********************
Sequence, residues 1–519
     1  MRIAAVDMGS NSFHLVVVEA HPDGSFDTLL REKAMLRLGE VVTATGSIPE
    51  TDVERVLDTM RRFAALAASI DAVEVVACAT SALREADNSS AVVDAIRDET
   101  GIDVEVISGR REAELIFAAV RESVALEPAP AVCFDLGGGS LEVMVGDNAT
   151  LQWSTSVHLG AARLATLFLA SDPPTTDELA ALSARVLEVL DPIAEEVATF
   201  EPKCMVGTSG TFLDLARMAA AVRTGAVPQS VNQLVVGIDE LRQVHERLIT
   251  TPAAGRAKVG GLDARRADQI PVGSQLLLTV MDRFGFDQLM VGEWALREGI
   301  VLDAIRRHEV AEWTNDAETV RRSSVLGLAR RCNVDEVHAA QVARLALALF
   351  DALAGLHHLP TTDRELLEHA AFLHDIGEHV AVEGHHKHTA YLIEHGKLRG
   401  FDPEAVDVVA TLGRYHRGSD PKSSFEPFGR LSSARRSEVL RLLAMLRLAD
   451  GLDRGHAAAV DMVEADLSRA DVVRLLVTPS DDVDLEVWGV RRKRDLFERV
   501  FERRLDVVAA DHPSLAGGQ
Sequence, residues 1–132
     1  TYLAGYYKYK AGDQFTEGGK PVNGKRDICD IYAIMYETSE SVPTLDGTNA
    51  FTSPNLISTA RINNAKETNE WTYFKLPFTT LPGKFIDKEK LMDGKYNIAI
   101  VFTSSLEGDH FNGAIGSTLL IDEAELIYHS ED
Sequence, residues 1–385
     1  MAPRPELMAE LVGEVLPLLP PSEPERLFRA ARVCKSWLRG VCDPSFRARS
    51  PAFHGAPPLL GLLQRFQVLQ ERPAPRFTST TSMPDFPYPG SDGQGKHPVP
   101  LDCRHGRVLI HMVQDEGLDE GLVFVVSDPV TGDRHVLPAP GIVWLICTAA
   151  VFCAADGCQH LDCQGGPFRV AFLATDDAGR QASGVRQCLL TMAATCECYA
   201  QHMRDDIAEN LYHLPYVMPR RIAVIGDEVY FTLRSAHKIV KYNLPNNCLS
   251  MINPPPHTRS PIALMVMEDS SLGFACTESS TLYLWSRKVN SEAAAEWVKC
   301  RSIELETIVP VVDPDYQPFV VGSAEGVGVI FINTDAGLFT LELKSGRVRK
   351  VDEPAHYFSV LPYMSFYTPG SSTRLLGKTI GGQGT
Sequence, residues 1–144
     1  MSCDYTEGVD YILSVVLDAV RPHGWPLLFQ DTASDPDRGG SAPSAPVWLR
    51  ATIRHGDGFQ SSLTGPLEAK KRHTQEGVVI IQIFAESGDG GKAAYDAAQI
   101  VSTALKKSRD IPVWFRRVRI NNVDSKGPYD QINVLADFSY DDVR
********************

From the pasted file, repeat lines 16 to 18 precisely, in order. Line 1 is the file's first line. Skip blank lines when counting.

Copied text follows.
   101  VFTSSLEGDH FNGAIGSTLL IDEAELIYHS ED
Sequence, residues 1–385
     1  MAPRPELMAE LVGEVLPLLP PSEPERLFRA ARVCKSWLRG VCDPSFRARS